ARA - Summertime is a great time for a vacation. Everyone looks forward to the annual family outing when you pack up the family and head for the car, airplane, train or bus and take that getaway you have been waiting for all year long.
But there is one big question - should the family pet go on vacation, too? Is it okay to travel with your pet? Will your pet miss the family too much while gone and whine and be stressed the whole time? Will the children miss their pet so much they will rush through the vacation to get back home and life as they know it with their four-legged family member?
These are valid questions that are up for debate and discussion in households all over the world. Is vacation time a suitable outing for a pet? Of course we think of our pets as part of the family, with full rights and privileges. The more serious question becomes -- is vacation travel really good for our pets?
Ann Weaver Ph.D., an ethologist and assistant professor of psychology at Argosy University, Sarasota says it is important to make sure that the travel experience is safe and enjoyable for the pet. “How you handle it depends on the type of pet you have, but some things apply to all pets, and the type of travel you plan, airplane or car.”
“Animals that travel via airplane must endure rough, rugged travel in the luggage compartment that is cold and unmanned,” Dr. Weaver says. “In the summertime, the luggage compartment can be hot with poor air ventilation while the plane awaits take-off from the airport. Some people do not realize that their animals are handled by luggage handlers, not flight attendants. Many times dogs, cats and other animals that are transported in a carrier can experience rough treatment by luggage handlers because their carriers are mistaken for luggage and are unknowingly tossed around.”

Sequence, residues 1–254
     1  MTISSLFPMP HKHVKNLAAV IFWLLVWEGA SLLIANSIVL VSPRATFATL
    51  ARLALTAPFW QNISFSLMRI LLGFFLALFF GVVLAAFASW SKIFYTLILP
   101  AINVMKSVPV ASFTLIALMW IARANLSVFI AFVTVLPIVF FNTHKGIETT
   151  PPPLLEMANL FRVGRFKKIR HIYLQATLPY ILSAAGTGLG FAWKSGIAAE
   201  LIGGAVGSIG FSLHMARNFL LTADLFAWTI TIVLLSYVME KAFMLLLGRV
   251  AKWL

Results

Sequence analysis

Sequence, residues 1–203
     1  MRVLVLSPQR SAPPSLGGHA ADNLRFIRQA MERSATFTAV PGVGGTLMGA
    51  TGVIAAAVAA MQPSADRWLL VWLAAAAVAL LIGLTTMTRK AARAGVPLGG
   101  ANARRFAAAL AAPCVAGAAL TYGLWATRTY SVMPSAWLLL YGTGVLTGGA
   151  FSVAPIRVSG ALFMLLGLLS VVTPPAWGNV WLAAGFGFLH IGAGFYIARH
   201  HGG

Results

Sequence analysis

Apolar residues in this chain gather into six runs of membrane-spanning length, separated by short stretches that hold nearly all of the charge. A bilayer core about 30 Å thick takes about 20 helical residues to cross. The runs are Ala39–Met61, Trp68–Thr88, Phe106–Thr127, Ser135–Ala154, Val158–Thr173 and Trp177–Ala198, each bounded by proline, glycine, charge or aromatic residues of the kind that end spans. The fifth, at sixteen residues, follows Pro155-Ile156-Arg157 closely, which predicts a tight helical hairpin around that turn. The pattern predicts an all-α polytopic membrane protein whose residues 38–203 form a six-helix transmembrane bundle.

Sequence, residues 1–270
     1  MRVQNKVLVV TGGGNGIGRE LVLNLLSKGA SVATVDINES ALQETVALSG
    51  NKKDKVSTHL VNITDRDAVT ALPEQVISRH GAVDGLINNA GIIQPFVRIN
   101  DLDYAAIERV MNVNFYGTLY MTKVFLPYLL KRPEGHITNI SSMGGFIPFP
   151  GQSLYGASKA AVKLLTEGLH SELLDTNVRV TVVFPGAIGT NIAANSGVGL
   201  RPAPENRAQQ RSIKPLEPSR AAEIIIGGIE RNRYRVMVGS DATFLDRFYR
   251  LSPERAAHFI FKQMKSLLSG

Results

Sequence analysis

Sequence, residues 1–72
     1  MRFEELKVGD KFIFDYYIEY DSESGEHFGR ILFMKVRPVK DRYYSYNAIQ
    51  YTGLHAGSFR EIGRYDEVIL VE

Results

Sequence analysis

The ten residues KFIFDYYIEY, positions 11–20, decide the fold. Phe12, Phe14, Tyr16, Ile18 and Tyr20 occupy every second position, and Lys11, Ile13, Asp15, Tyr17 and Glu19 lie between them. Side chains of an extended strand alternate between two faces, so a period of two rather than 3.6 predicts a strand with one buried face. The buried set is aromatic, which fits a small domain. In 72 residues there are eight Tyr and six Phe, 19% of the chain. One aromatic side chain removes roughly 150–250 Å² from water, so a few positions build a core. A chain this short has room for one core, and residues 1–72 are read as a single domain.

She also says it is important to avoid long flights and pet owners should consider two hours as the maximum acceptable air travel time. Some international travel with pets requires a quarantine period in the foreign country for up to six months to prevent the spread of diseases.
Another frequent mode of vacation travel is by van or car. This too can pose problems for a pet. It is important that family members keep an eye on the pet to ascertain its condition and level of comfort. If the pet is shaking, whining and appears fretful, then the family must do something to relieve the animal’s anxiety.
“Sometimes, you can let a dog or cat rest its head on your lap or lay on its blanket with recognizable scents to provide a sense of familiarity and comfort,” Dr. Weaver says. “It is also important to line the interior of the carrier with a blanket for additional comfort and secure the travel carrier to avoid excessive jarring and motion.”
Just as family members like to stop, eat, stretch their legs and make trips to the rest room; animals appreciate and need the same treatment. It is important for animals to have food and water and relieve themselves, Dr. Weaver explains.
“I have taken road trips with a parrot on my shoulder, a six-foot boa constrictor on my lap and a dog resting on a blanket on the back seat. It’s truly about making the animal comfortable and feel relaxed during the travel experience,” she says.
Dr. Weaver also indicates that there is not a species of dog or cat that is considered better suited for travel. “It all depends on the temperament of the animal and if it is accustomed to riding in a vehicle.”
The decision to bring a pet along on vacation is genuinely a family decision. The main concern is to determine the best way to make the family vacation experience fun and safe for every person and pet traveling.
Courtesy of ARAcontent